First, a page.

Lower Manhattan isn’t just for Wall Street anymore.
With a growing residential population and an influx of office tenants in creative services and other industries, the post-9/11 downtown is setting a new standard for urban lifestyles.
“Thirty percent of the people who live in lower Manhattan walk to work. I don’t think we can overstate the value of that,” Elizabeth Berger, president of the non-profit Downtown Alliance, told attendees of NAIOP’s “Building the Future of New York City” forum last week. “It sounds like an old-fashioned value, but it’s very, very current.”
The combination of office workers, tourists, residents and all that foot traffic creates fertile ground for a wide range of business.
“Every retailer realizes they need a outpost south of Canal Street,” said David Cheikin, vice president of leasing for Brookfield Properties, also at the NAIOP event.
In recent years, the area that once went dark after five and on the weekends has become the home of a number of residentially oriented businesses, including a thriving Whole Foods market.
“A lot of the retailers down there have some very, very strong stores,” said Chase Welles, an executive vice president at Northwest Atlantic Real Estate Services who represents Whole Foods and Staples, which also has a downtown store.
Welles has noticed the change in the area, he said, and is currently seeking lower Manhattan locations for a number of other clients.
“The service retailers — butchers, bakers, candlestick makers — those people are down there, whereas they weren’t before. Before, it was Irish bars open for lunch,” Welles said. “The success of Whole Foods is an example of that.”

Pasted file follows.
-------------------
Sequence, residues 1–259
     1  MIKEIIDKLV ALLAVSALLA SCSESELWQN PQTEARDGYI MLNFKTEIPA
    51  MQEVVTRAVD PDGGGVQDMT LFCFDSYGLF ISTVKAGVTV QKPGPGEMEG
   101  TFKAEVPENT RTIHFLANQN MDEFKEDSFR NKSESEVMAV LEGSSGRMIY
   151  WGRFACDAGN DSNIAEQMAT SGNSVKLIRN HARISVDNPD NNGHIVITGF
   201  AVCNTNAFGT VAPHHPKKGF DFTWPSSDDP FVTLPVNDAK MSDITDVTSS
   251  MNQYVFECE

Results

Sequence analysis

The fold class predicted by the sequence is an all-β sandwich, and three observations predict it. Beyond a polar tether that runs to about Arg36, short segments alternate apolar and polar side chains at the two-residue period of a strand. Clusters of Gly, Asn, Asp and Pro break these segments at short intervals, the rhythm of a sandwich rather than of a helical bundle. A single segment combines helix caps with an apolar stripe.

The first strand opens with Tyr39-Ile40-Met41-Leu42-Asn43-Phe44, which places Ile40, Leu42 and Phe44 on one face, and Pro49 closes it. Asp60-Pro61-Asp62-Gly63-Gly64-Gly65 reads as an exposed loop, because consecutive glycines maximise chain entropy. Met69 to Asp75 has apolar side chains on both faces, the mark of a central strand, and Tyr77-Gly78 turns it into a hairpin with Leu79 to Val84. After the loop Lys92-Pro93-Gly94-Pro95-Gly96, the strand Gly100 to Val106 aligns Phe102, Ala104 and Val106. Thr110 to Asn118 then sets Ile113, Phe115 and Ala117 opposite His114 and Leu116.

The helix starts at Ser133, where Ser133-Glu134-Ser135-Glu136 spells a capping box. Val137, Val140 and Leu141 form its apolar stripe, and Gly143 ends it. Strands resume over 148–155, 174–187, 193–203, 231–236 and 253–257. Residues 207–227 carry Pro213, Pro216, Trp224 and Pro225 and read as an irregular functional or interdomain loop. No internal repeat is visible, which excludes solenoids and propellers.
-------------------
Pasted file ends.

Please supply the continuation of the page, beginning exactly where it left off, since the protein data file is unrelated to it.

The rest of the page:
In 2011, retail rents along the downtown Broadway corridor averaged $184 per square foot, according to Downtown Alliance. That’s a 22 percent increase over asking rents in the fall of 2010.
Lower Manhattan’s residential population has nearly doubled since 2003, according to the Downtown Alliance, and annual household income is $188,000.Office space is growing right along with the number of residents.
The publisher Conde Nast’s decision to relocate its offices to over one million square feet in the World Trade Center was a “game changer” for lower Manhattan, Berger said, but she noted that there are more than 50 other creative firms baseddowntown, alongside the area’s traditional financial services.
More and more young professionals are choosing to live downtown or in Brooklyn and coastal New Jersey, all areas easily accessible by lower Manhattan’s conflux of trains, buses and ferries.
“Lower Manhattan no longer has to apologize for its distance from Fairfield or Westchester County,” said John Wheeler, managing director of Jones Lang LaSalle.
Lower Manhattan hosts 85.2 million s/f of office space, with another 4.5 million under construction, including the World Trade Center complex.When completed, the WTC will also bring another 550,000 s/f of retail space to the area, including two-levels of a below-grade concourse extending from the World Financial Center to both the new Fulton Street Transit Center and the corner of Liberty and Church Streets.
And Brookfield, which owns the World Financial Center, is planning another 200,000 s/f of retail, including a new dining terrace and additional space for luxury retailers in the financial center courtyard.
The WTC — along with the Brooklyn Bridge and the Statue of Liberty — also draws visitors to lower Manhattan. The neighborhood attracts 9.8 million visitors each year, and five new hotels are expected to open downtown over the next three years, adding over 1,000 guest rooms. In the closing keynote for NAIOP’s forum, World Trade Center president Janno Lieber hailed lower Manhattan’s emerging live / work community.
“You have one of the best public schools in New York, and you see school buses lined up two blocks from here in front of new condos and Bed Bath and Beyond,” he said.“It’s the one place where you’re really seeing that walk-to-work sustainable development model. Compact, dense, fewer trips, smaller carbon footprint.”